Magazine article Washington Report on Middle East Affairs

State Department Permits Travel of Libyan Ambassador to U.N

Magazine article Washington Report on Middle East Affairs

State Department Permits Travel of Libyan Ambassador to U.N

Article excerpt


After two decades of frozen diplomatic relations between the United States and Libya, the U.S. State Department granted permission to Libya's permanent representative to the U.N., Ambassador Abuzed Dorda, to travel to Washington, DC in February to attend the U.N.-hosted National Summit on Africa. The significance of the event cannot be overemphasized. It seemingly represents a break with the policy of "no talk" with what the U.S. has consistently labeled a "rogue state."

Since the 1980s, the U.S. has imposed economic sanctions coupled with a ban on travel to Libya by U.S. citizens. In 1986, after an explosion in a Berlin nightclub frequented by U.S. military personnel in which two U.S. soldiers and a Turkish woman died, President Ronald Reagan ordered U.S. bombing raids on Libya which targeted the living quarters of Libya's leader, Muammar Qaddafi. While Qaddafi accused the U.S. of violating its own law banning attempts to assassinate foreign political leaders, Washington in turn accused the Qaddafi regime of creating impediments to a peaceful settlement of the Arab-Israeli dispute and of threatening international security by harboring and funding international terrorist groups.

Tension between the two countries intensified after 1988 as a result of the bombing of Pan Am Flight 103 over Lockerbie, Scotland in which 270 persons, including many Americans, perished. The tragedy became the focal point of confrontation between the two states. For its part, Libya refused to hand over two Libyan intelligence officers accused by the U.S. of implementing the terrorist attack, while the U.S. insisted that international isolation of Libya continue until the two suspects were surrendered by their government for trial.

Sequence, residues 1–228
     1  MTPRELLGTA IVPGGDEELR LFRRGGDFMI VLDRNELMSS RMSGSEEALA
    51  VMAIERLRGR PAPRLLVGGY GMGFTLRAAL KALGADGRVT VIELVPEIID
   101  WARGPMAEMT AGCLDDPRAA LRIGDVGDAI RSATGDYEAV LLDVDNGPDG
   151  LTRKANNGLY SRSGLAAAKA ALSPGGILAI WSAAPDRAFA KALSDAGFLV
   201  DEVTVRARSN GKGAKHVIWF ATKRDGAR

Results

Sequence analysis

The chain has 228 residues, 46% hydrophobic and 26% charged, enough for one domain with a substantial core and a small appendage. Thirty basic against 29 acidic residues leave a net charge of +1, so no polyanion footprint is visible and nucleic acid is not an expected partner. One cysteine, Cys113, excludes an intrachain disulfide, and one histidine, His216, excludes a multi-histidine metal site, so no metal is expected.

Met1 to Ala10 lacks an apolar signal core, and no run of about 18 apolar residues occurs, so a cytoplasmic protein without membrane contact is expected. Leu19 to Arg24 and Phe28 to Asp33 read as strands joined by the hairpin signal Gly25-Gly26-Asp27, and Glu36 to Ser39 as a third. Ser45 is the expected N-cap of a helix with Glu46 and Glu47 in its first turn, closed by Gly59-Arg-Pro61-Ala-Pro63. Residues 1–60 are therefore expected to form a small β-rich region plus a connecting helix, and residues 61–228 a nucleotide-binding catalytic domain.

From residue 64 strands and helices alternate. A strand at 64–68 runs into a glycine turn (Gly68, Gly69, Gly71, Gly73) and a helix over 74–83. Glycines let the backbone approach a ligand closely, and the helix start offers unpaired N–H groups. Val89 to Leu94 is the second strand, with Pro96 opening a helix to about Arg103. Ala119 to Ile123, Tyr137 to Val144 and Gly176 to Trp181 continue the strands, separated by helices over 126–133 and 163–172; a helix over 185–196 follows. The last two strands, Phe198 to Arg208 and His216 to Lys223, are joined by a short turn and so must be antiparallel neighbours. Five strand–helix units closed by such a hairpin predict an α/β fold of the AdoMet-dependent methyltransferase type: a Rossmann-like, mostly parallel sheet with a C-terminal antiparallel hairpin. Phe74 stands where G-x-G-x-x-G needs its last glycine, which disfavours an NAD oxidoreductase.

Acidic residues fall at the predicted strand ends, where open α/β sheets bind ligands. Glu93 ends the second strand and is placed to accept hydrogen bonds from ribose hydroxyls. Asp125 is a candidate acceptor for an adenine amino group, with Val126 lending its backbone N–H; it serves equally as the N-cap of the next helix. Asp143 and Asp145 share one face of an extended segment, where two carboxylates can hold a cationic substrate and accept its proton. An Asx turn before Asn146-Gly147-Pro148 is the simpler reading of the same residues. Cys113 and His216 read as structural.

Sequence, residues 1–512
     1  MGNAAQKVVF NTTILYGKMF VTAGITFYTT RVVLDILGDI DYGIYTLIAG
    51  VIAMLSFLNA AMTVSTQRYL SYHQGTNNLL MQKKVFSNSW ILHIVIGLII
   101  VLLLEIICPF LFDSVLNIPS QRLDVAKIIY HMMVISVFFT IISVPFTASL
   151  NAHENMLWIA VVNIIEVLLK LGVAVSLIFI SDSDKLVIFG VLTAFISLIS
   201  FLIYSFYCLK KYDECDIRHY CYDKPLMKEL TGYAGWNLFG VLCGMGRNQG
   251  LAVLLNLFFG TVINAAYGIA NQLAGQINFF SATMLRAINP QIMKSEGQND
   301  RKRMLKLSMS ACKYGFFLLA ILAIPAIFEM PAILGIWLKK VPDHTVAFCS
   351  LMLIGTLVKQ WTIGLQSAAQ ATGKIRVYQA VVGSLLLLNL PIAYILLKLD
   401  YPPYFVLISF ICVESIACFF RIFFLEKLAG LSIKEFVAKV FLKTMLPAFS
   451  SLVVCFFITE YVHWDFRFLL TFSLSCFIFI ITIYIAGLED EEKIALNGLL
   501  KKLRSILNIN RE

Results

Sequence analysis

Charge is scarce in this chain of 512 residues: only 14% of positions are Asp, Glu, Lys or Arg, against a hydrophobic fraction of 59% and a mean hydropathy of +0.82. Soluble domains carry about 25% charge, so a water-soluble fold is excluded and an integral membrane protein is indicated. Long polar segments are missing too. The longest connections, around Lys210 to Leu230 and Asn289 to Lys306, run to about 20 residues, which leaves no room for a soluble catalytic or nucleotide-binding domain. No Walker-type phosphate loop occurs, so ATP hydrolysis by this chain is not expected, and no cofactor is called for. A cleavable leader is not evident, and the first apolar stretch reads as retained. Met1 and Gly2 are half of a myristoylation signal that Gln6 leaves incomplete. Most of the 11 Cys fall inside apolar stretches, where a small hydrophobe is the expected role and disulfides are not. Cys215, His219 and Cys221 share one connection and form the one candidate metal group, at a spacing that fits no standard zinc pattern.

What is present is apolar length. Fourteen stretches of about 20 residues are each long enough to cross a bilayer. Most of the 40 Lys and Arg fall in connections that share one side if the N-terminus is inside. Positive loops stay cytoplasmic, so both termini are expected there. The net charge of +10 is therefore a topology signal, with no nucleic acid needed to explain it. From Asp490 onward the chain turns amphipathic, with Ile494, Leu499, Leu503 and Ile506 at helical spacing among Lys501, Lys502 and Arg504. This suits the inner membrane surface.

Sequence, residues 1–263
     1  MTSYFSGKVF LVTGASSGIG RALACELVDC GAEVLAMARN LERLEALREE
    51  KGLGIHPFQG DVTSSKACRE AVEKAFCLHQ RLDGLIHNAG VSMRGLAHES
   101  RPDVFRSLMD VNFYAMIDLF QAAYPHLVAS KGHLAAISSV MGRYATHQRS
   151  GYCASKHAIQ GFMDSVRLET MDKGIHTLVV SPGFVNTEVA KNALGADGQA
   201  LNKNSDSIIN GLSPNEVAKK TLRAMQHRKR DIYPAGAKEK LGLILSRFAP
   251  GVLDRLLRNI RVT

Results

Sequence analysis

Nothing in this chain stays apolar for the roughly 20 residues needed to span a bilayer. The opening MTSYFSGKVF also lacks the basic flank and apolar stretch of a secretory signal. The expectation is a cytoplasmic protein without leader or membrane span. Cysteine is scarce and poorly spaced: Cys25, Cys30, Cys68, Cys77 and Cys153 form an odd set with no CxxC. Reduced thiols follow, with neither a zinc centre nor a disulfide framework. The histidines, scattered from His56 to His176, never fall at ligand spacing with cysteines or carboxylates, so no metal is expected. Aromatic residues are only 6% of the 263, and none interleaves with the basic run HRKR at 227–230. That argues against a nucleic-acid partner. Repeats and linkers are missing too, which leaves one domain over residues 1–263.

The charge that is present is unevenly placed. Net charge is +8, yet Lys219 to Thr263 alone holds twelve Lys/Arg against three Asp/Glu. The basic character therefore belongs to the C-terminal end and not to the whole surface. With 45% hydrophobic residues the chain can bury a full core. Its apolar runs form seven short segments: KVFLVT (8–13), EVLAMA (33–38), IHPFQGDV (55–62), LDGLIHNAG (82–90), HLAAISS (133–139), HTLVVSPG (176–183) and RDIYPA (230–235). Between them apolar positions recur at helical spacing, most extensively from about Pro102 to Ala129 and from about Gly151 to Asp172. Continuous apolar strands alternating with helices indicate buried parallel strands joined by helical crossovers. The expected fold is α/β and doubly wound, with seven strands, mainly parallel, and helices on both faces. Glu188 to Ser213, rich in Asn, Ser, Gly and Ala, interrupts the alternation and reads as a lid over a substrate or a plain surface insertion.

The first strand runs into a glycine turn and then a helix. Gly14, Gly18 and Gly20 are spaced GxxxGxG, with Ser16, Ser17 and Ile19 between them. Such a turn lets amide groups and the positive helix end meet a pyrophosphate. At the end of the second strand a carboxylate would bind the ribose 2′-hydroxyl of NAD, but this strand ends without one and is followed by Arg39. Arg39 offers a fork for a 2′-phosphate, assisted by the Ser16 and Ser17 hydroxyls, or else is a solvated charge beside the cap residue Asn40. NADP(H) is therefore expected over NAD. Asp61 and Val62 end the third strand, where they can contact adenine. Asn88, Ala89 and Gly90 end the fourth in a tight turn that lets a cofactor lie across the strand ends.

Finally, after years of claiming that Libya's constitution prevents its government from extradieting Libyan nationals to a foreign entity, Qaddafi agreed last year to hand over the two Libyans for trial under Scottish law in The Hague by the International Court of Justice. Although the trial will not begin until May, Libya meanwhile seems to be moving purposefully to cement closer relations with the West, and particularly with the U.S.

Although the travel authorization for Ambassador Dorda was for the purpose of representing Libya at the Africa summit, he wasted no opportunity to make the case for resumption of diplomatic ties at three additional speaking engagements in the U.S. national capital. He spoke at the Woodrow Wilson Center, Georgetown University, and the Middle East Institute. "Normalization of relations is in the benefit of the two countries and their people, he told one of the audiences. "In fact, we [Libyans] wish to open a new page of cooperation." He also assured representatives of American businesses of the safety and security of their operations and personnel in Libya.

Despite Libya's apparent eagerness to put its relations with the U.S. on a new track, serious obstacles remain, at least pending the outcome of the trial in The Hague. The opposition comes from three main groups: 1) families of Pan Am Flight 103 victims who have become a well-organized pressure group; 2) members of the Libyan-American community, many of whom have relatives imprisoned or missing in Libya; 3) friends of Israel aware that Qaddafi's Libya has been a leader and major source of funds for the Arab "rejectionist" camp for the past 30 years. …

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